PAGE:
Differing approaches to public prayer in Grand Rapids

7:24 PM, May 20, 2013   |    comments
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The U.S. Supreme Court in Washington, D.C. Photo taken in February 2009 by Jessica Puchala, WZZM 13.

GRAND RAPIDS (WZZM) -- The U.S. Supreme Court Monday said it would hear arguments in a case involving the common practice of prayer before public bodies begin deliberations. The ruling could impact the U.S. Congress, and thousands of communities across the country.

In 2012, Grand Rapids ended its practice of prayer before city commission meetings. Mayor George Heartwell said, "I became increasingly uncomfortable with the fact that prayers offered were almost always Christian prayers and used the Year of Interfaith Understanding in G.R. as an opportunity to talk about our religiously diverse community and end the longstanding tradition of prayer before public meetings."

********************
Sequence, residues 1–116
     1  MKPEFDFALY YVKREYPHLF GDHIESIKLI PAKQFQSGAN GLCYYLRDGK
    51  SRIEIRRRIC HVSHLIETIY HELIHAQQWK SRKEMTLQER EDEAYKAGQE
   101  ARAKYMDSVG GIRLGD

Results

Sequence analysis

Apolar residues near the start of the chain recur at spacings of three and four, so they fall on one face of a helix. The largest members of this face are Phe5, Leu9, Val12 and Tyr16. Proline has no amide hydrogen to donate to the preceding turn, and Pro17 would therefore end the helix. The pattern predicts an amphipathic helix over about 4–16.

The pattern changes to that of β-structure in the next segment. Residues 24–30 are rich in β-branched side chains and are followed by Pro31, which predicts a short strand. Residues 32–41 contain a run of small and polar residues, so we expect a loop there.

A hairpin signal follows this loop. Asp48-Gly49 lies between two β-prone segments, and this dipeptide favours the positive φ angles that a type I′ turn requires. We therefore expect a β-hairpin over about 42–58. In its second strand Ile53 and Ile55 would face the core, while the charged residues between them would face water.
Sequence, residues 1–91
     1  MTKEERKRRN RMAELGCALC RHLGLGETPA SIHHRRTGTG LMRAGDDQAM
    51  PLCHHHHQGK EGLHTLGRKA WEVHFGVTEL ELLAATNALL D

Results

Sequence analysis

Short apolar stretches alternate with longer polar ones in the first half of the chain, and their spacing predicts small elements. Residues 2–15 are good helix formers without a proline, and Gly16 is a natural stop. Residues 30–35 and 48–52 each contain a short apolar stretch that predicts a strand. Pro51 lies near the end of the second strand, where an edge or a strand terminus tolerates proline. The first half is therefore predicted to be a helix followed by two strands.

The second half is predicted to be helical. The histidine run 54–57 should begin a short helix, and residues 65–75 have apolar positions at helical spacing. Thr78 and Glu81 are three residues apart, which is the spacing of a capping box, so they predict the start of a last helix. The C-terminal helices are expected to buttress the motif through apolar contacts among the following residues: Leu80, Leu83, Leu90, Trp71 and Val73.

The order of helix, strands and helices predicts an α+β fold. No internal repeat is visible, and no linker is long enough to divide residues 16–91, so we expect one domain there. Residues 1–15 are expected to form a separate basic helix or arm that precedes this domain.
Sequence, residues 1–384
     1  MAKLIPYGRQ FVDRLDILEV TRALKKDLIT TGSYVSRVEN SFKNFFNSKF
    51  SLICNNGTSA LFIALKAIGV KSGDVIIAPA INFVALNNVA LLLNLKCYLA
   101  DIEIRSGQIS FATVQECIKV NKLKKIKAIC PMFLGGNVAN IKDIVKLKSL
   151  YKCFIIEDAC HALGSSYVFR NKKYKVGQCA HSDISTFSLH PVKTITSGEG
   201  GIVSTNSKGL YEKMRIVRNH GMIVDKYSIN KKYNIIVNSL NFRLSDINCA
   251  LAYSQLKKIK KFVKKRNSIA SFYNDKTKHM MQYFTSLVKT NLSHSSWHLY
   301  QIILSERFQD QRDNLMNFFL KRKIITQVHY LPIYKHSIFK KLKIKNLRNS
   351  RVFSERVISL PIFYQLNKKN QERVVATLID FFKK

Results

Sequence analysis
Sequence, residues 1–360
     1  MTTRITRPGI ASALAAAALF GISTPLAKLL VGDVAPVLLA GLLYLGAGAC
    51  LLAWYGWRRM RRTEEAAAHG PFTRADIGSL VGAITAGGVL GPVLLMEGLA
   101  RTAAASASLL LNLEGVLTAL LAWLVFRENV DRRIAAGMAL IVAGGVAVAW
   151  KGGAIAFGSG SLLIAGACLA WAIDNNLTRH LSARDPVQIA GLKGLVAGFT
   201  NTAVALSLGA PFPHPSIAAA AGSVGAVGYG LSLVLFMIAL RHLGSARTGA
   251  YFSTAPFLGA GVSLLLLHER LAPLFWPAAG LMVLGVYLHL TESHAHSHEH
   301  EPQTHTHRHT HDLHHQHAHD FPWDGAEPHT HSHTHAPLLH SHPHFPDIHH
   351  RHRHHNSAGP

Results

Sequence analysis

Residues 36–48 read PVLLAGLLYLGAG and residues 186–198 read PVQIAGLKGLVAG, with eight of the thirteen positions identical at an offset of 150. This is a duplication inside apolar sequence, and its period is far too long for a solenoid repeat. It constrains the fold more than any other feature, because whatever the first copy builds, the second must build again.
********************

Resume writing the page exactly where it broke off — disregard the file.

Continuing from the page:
Instead, a moment of silent reflection is offered.

The Kent County Board of Commission does still offer prayer before meetings begin. Commission chairman Dan Koorndyke says there are no plans to change the practice unless they are forced to. "I think it helps focus and ground commissioners on what we're about to undertake - that's my personal belief."

The high court is expected to rule in the case from a small New York town in about one year.

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